On a Monday morning close to a month ago, I got on the BART for work and took out my (personal) laptop to do my daily Bible reading and prepare for a Bible study I had to lead. When I arrived at Pleasanton I quickly finished typing some notes and hibernated my computer.
After I left the office, I got back on the BART and took out my laptop again to resume. When I pushed the power button, after the BIOS loaded, I was jarred by an obnoxious beep and a terse message on my screen that said: “Read failure on internal drive.”
Long story short, I had to get a replacement internal drive from Dell.
Thankfully, I didn’t lose very much. It just so happened that the night before, I had decided to back up my recent files (mainly photos, music, random documents,and some programming stuff). It could’ve been much worse, so thank God.
But when I realized what I did lose, I was a bit sad. This next bit might sound kind of pathetic, but bear with me.
Since two years ago, I started avidly using e-sword. I only have NKJV on my computer and not in print, so consequently I’ve done most of my Bible reading on the computer. I also started making use of the study notes to annotate short reflections, thoughts, cross references, etc. on a bunch of verses, as well as markup like highlighting and underlining. The study notes and markup are stored in two files under Windows’ Program Files directory. Because of that, unfortunately, these files were not included in my automated backup the night before my hard drive died.
When I checked my most recent manual backups of those files, they were from the beginning of June of this year, 2009. I essentially lost an entire summer’s worth of Bible study notes, cross references, and short reflections. That may not sound like much, but considering I went to EWR and NYTS, it’s a pretty sizable amount.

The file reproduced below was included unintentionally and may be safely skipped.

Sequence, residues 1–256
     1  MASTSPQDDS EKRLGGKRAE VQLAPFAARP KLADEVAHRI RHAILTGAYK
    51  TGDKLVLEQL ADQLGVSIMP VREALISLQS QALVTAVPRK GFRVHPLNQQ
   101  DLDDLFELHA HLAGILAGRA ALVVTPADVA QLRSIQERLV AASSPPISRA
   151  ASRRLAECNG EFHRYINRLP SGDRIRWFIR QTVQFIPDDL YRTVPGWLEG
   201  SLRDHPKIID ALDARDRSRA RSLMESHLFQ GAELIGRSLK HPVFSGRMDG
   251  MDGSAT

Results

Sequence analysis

I tried very hard to recover the files. I spent everyday after work for a week running various tools and utilities, but to no avail. Eventually, I decided to give up.
What did I learn from this (besides that I need to back up more often and more thoroughly)? I learned, to my dismay, that my heart was not first and foremost set on the Word of God. To my shame, I remembered to back up all my files the night before except the ones that were spiritually much more important.
I learned that I would rather spend many hours trying to recover random bits from my hard drive (which I never found), than to spend those hours reviewing my non-e-sword notes (I use OneNote as well) and perhaps manually re-add the study notes and reflections based on them.
To all you who are like me and extensively use computers for Bible study – be careful that you’re not unwittingly substituting your heart with your hard drive.
Also, buy Mac if you can